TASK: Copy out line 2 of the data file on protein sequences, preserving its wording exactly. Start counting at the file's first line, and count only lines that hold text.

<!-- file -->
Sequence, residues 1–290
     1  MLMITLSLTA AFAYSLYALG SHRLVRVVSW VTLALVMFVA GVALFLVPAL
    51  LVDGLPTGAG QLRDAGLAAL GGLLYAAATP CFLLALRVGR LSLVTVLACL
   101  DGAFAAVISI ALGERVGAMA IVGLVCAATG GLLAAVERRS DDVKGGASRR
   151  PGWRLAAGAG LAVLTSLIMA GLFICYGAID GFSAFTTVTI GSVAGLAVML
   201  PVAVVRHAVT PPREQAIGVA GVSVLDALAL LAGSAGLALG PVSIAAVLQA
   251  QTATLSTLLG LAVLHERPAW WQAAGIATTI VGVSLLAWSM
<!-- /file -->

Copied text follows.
     1  MLMITLSLTA AFAYSLYALG SHRLVRVVSW VTLALVMFVA GVALFLVPAL